I think Goldingay overplays his cards in the second paragraph above. I’m not sure it is all that easy to see the christocentric level in the OT that we find, say, in the temptation narrative or the cross or in Pauline theology or even in the book of Hebrews. The neglect of the FT is inexcusable. So, I like Goldingay on these themes. Makes me think.
I’m not quite sure what you mean on this one. “Ultimately unknowable”? Not absolutely exhaustible, of course.

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Dan Reid

posted April 1, 2008 at 7:32 am

Dan Reid was probably reading Scot McKnight’s blog while Goldingay’s chapter was expanding to Barthian proportions. Or else he was just carried away by Goldingay’s great material. Sorry, Scot, to make you work so hard for just one blog!
Seriously, readers of this blog will be interested in Goldingay’s life of faith illustrated in this recent LA Times article on prayer:,1,2212404.story?page=1

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posted April 1, 2008 at 7:35 am

Possibly I mean not absolutely exhaustible but I think I mean not completely knowable, in the “his ways are not our ways” mode. This matters to me because in the community I deal with some say “I am a nontheist because I can’t know what God is” and I think to myself ‘but that’s exactly why the ancient Israelites (and modern Jews) won’t depict God and called God Yhwh’ … in other words, I want to say that the nontheists are really articulating a Biblical position, but I’m not sure if this true.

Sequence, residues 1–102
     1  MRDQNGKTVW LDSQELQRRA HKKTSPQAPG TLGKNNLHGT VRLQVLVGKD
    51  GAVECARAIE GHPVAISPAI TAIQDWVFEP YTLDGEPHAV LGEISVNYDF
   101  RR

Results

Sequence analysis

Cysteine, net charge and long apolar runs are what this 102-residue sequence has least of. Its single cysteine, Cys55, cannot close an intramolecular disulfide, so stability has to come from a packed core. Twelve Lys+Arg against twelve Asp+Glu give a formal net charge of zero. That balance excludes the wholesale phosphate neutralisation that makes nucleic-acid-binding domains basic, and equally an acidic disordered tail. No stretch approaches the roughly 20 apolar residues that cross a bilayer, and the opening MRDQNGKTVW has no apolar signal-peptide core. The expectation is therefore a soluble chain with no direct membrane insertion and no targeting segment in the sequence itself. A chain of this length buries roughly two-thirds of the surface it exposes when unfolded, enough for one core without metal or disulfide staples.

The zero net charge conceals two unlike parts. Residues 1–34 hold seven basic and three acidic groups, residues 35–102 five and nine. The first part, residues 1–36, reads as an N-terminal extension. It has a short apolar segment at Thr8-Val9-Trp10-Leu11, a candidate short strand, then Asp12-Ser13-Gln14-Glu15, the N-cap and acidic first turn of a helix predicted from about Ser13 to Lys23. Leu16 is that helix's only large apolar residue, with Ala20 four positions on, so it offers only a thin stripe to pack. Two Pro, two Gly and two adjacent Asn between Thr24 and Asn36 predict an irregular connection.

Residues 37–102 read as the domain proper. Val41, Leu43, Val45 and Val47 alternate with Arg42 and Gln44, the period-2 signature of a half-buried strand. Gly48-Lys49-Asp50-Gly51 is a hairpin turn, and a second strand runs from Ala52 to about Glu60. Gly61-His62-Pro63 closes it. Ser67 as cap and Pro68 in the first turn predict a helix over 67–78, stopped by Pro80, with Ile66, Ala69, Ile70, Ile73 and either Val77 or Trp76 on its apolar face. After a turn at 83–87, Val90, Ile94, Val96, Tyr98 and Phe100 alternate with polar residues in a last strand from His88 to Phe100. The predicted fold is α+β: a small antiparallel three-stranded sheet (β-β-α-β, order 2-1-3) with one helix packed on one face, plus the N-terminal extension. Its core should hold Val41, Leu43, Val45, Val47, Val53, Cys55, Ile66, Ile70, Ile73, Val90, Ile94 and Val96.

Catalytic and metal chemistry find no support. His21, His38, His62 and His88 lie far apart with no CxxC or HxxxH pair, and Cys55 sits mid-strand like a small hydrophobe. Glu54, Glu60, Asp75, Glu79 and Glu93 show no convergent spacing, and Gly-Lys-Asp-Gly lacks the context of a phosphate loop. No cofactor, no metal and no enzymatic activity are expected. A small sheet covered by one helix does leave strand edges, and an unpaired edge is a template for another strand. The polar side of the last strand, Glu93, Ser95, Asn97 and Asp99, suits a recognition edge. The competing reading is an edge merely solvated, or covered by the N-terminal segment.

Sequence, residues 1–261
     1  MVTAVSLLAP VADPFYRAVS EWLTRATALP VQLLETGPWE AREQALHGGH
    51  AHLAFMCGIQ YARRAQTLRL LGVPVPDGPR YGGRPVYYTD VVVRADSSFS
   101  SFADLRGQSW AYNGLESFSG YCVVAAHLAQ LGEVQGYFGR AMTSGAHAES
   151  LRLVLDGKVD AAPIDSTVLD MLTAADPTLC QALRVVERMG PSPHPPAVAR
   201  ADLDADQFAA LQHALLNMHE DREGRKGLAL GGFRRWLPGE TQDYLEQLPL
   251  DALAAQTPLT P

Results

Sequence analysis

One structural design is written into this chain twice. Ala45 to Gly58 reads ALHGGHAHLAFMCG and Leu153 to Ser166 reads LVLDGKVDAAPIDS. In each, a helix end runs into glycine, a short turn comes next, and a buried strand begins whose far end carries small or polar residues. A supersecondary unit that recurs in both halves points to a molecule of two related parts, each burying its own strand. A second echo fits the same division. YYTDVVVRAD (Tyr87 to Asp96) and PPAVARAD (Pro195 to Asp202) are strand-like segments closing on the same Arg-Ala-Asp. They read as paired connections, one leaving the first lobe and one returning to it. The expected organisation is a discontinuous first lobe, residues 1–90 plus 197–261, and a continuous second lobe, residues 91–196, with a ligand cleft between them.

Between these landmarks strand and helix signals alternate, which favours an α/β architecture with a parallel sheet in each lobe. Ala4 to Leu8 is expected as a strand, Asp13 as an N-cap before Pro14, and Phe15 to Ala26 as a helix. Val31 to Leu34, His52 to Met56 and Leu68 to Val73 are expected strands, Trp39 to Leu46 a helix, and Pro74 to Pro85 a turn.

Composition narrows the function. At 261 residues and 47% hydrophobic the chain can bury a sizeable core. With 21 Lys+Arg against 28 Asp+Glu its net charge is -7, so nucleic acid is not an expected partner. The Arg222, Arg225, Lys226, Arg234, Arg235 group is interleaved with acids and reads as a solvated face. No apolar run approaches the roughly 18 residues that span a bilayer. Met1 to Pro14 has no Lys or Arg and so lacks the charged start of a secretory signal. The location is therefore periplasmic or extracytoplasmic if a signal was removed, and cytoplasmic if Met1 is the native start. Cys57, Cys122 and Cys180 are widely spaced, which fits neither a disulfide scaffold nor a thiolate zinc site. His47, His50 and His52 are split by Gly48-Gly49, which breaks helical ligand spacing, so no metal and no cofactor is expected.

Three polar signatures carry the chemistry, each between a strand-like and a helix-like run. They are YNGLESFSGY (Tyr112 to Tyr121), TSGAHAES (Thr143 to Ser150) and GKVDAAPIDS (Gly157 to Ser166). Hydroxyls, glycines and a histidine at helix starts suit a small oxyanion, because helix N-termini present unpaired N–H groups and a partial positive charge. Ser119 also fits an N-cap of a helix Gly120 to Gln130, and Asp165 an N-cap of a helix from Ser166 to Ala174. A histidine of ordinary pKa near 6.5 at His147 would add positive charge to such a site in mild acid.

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posted April 1, 2008 at 8:05 am

But the New Testament makes less difference to that faith than people think
OK, this is less bizarre than that “footnote” comment we started out with, but it’s still pretty far afield. If we believe that the Hebrew scriptures point to Christ, how can the NT not make a huge difference?
Monotheism is Enlightenment stuff; the FT teaches Mono-Yahwism.
Is there an Isaiah in his Bible? We’ve been over the whole henotheism bit before, so there’s no need to belabor it here, but I think he’s seeing progressive revelation and calling it polytheism.
Still, it sounds like there’s lots of good, interesting stuff in there.

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posted April 1, 2008 at 8:30 am

I love Goldingay, I’m glad you’re reading through his work and posting on it. He’s was one of my absolute favorite profs at Fuller, hands down.

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John W Frye

posted April 1, 2008 at 10:08 am